Oleg Zabluda's blog
Thursday, May 24, 2012

Solar eclipse of May 20, 2012 was annular (magnitude 0.9431, width 237km, duration 5m 46s).
Solar eclipse of May 20, 2012 was annular (magnitude 0.9431, width 237km, duration 5m 46s). That why we didn't bother driving 4 hours north from San Francisco Bay Area to Reno/Shasta/Redding. We had Maker Faire to catch. It it were total, we would have gone.

It was Deja Vu all over again. Solar eclipse of May 10, 1994 also was annular (magnitude 0.9439, width 230 km, duration 6m 13s), and that's why, back then, we also didn't bother driving 4 hours north from Columbus, Ohio to, say, Toledo, Ohio.

What a, amazing coincidence?! Not really.

Both eclipses are from the same Saros 128 (http://en.wikipedia.org/wiki/Solar_Saros_128), #57 and #58 (of 73) respectively.

Saros is exactly 223 Synodic months or 223*29.530589=6585.32135 days. One saros after an eclipse, the Sun, Earth, and Moon return to approximately the same relative geometry, and a nearly identical eclipse occurs [2].

Saros repeats every 6585.32135 days, or 18 years, 11 days. This also checks out. The difference between

Tue, May 10, 1994 at 17:07 UTC
Sun, May 20, 2012 at 23:47 UTC

is 6585 days (=18 years, 10 days), 6 hours, 40 minutes or 6585.278 days [4]

By the amazing coincidence, and some resonances, saros divided by the following are [almost] whole numbers:

6585.3213/29.530588853 = 223.000000 Synodic months [1]
6585.3213/27.212220817 = 241.998672 Draconic months
6585.3213/27.554549878 = 238.992157 Anomalistic months
6585.3213/365.242189 = 18.0300127 Tropical years

Synodic month is critical, because it's got to be New Moon.

Draconic is a must because otherwise during the New Moon, the Moon will not be on the ecliptic, and, by definition, will not eclipse anything. The fact that it's 2 min short of 242 days, is responsible for the fact that the saros has beginning and end. Over 73 eclipses, 2min*73=2.3 hours, shifting the Moon too far from ecliptic and making the moon's shadow to miss the Earth altogether.

Almost exact whole number of Anomalistic months (11.3 min short of 239 days) is a bonus (due to some resonances) and causes the circumstances of the eclipse to be even more very similar. i.e if #57 was very annular, #58 surely will be too). In 11.3 min Moon moves by 700km, but Earth-Moon distance changes by at most 30 km. However, over 73 eclipses in a saros cycle, it slowly adds up to 2100 km, which is enough to change magnitude by 0.006.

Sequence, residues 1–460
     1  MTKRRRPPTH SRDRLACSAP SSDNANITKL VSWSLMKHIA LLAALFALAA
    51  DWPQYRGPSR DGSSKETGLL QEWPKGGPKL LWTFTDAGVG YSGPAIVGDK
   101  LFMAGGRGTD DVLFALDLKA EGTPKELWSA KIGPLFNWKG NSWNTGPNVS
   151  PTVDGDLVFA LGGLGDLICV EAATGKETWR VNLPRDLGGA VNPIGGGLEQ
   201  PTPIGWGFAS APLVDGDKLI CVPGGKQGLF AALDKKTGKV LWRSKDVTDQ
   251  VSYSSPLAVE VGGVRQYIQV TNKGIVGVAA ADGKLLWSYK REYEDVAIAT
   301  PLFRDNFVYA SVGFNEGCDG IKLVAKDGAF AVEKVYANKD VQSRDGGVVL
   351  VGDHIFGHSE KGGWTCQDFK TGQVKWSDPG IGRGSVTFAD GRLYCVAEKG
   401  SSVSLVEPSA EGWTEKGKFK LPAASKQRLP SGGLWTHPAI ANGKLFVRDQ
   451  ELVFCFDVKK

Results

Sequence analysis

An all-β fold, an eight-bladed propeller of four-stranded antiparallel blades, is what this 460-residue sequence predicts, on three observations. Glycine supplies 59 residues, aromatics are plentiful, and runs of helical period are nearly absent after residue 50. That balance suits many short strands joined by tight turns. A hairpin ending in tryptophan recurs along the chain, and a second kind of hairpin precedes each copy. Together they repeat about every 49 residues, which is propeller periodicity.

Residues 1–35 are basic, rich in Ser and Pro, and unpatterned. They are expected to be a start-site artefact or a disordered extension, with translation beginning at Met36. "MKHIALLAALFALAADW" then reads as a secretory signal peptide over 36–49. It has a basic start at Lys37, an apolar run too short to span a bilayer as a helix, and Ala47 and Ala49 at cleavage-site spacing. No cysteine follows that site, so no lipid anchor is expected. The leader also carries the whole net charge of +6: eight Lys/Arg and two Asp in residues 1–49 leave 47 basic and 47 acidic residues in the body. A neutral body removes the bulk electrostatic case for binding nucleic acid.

Almost exact number of Tropical years is also a bonus, because since the saros is only 11 days longer then to 18 Tropical years, Sun-Earth geometry will also be nearly identical eclipse-to-eclipse in the saros, but the difference does accumulate (11*73)/365=2.2 years.

You can see similarity in type, magnitude, width, duration, latitude, etc..

Let's put our 2 eclipses from Saros 128 into some context:
#01 (first) Aug 29, 984
#57 May 10, 1994
#58 May 20, 2012#59 (next) Jun 1, 2030
#73 (last) Nov 1, 2282

http://en.wikipedia.org/wiki/Solar_eclipse_of_May_10,_1994 http://en.wikipedia.org/wiki/Solar_eclipse_of_May_20,_2012

More coincidences: San Francisco, Reno, Toledo, University Park, NYC, are all on I-80.

[1] http://en.wikipedia.org/wiki/Month

[2] But because 0.32135 is almost exactly 1/3 of a day (17 min less) the Earth turns almost 1/3 of the way around, so the eclipse is identical, except 116 degrees farther to the west. And what's 116 degrees west of Toledo, OH? Tokyo, Japan.

[3] There is a difference between New Moon (when Moon's ecliptic longitude is equal to Sun's and is what we really care about) and Max Eclipse (which is when Moon-Sun line passes closest to Earth center, and which we care about only approximately):
Tue, May 10, 1994 at UTC (17:12:27 max eclipse) (17:07 New Moon)
Sun, May 20, 2012 at UTC (23:53:54 max eclipse) (23:47 New Moon)
the two can differ by ~(1/360)*sin(5.145°)*29.5*24*60 = 10.5 minutes

[4] It's 10 calendar days instead of 11 because of 5 leap years. (.32135 - .2778)*24=1.0452 hours. Don't worry, heavens are not broken. 29.530588853 is an average Synodic month. Because of perturbations in the orbits of the Earth and Moon, the actual time between lunations is 29.18-29.93 days. So what if the in this saros cycle the average synodic month was (1.0452*3600)/223=16.9 seconds shorter.
http://en.wikipedia.org/wiki/Solar_eclipse_of_May_10,_1994

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